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Fowler, Orson Squire (11 October 1809–18 August 1887), phrenologist and publisher, was born in Cohocton, Steuben County, New York, the son of Horace Fowler, a farmer, and Martha Howe. He was graduated from Amherst College in 1834 and in 1835 married Eliza Brevoort Chevalier, a widow, by whom he had two children. Though educated for the ministry, he devoted himself to phrenology, the “science” of the mind that was formulated by Franz Joseph Gall and introduced to the United States by Johann Gaspar Spurzheim. Phrenology postulated that, because the brain was the organ of the mind and shaped the skull, there was an observable concomitance between the mind (talents, disposition, character) and the shape of the head. In an analysis, a phrenologist examined the latter to determine the former. Immediately after graduation Fowler started his professional career as itinerant practical phrenologist in New England. Using charts and a phrenological bust, he lectured on phrenology and analyzed heads, sizing “organs” or “faculties” such as amativeness, combativeness, firmness, and ideality to determine character. It was believed that each faculty manifested itself through its own cerebral organ, the size of which indicated its functional power. The size of the organ, it was believed, could be increased or decreased by exercise....

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Miller, Charles Henry (20 March 1842–21 January 1922), doctor of medicine, artist, and writer, was born in New York City, the son of Jacob H. Miller, an architect, and Jayne M. Taylor. He attended Mount Washington Collegiate Institute to prepare for a career in law or medicine, although early on he had displayed an interest in painting and drawing. In 1860 Miller exhibited his first painting at the National Academy of Design, and the following year he sent two more paintings for exhibition. His father, unhappy with his son’s interest in art, urged him to enroll in the New York Homeopathic Medical Institute. Miller acquiesced to his father’s wishes and completed his medical studies in 1863, receiving his degree from ...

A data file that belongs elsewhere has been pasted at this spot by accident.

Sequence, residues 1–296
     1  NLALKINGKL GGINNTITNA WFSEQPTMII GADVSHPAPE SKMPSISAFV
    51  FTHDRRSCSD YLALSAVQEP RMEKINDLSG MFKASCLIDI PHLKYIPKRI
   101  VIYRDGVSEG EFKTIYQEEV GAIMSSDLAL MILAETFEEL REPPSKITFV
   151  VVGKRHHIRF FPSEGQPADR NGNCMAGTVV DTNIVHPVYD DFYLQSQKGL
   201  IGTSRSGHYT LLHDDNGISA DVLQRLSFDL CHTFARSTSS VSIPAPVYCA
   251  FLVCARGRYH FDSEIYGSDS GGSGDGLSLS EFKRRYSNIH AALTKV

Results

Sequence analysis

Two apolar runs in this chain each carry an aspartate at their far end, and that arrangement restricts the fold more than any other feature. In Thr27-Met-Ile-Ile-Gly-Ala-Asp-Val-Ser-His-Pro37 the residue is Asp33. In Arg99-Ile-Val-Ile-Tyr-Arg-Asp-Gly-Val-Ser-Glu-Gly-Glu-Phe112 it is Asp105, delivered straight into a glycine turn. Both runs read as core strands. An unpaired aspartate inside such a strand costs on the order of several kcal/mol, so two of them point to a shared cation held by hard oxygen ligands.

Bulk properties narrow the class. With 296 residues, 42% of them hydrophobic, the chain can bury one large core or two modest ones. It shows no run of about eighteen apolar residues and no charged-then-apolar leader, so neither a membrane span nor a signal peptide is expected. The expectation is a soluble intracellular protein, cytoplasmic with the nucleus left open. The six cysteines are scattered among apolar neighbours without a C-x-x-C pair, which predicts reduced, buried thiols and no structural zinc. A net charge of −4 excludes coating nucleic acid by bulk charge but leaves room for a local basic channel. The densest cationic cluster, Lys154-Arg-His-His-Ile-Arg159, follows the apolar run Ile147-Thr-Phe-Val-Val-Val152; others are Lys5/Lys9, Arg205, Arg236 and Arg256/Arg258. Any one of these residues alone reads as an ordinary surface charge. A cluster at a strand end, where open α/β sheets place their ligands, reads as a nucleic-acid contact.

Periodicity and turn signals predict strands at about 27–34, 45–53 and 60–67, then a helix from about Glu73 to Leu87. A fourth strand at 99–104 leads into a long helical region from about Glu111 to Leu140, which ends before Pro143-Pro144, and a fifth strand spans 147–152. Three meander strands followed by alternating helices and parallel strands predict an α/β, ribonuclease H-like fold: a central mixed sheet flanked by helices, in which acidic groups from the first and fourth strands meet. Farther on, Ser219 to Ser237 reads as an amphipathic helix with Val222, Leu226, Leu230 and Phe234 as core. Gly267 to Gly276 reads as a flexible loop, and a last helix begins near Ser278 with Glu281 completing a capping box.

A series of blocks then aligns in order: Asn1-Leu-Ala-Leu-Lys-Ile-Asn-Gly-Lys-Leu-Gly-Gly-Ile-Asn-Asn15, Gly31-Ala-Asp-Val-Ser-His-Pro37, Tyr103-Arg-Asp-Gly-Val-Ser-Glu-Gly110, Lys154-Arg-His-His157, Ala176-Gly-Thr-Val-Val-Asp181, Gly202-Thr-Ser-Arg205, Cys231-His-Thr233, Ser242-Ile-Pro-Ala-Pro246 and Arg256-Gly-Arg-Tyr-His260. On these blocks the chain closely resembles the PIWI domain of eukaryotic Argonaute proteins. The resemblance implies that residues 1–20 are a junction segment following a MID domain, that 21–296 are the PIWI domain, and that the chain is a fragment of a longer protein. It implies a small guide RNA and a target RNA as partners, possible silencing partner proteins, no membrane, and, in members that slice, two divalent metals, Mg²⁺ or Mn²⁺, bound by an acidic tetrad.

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Otis, George Alexander (12 November 1830–23 February 1881), U.S. Army medical officer, was born in Boston, Massachusetts, the son of George Alexander Otis, a lawyer, and Anna Maria Hickman. His mother remained for some time in Boston after his father died in 1831 before returning to her native Virginia, and Otis attended Boston Latin School before entering school in Fairfax County, Virginia. He received a B.A. from Princeton College in 1849 and entered medical school at the University of Pennsylvania that same year, after spending the summer studying with a local physician. He married Pauline Clark Baury in 1850; they had two children. In 1851 Otis received both an M.A. from Princeton and his medical degree from the University of Pennsylvania. He then studied ophthalmic and general surgery in Paris, France, until the spring of 1852, when he returned to the United States and opened a private practice in Richmond, Virginia....

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Wissler, Clark (18 September 1870–25 August 1947), anthropologist, museologist, and psychologist, was born Clarkson Davis Wissler in Wayne County, Indiana, the son of Benjamin Franklin Wissler, a schoolteacher, and Sylvania Needler. From 1888 to 1893 he taught public school in Wayne County. He entered Indiana University in 1893, graduating in 1897 with a B.A. in psychology. He continued his work in psychology at Indiana, receiving his M.A. in 1899 while also teaching psychology at Ohio State. That year Wissler married Etta Viola Gebbart; they had two children. In 1901 he received his Ph.D. in psychology from Columbia University, where he had become well acquainted with ...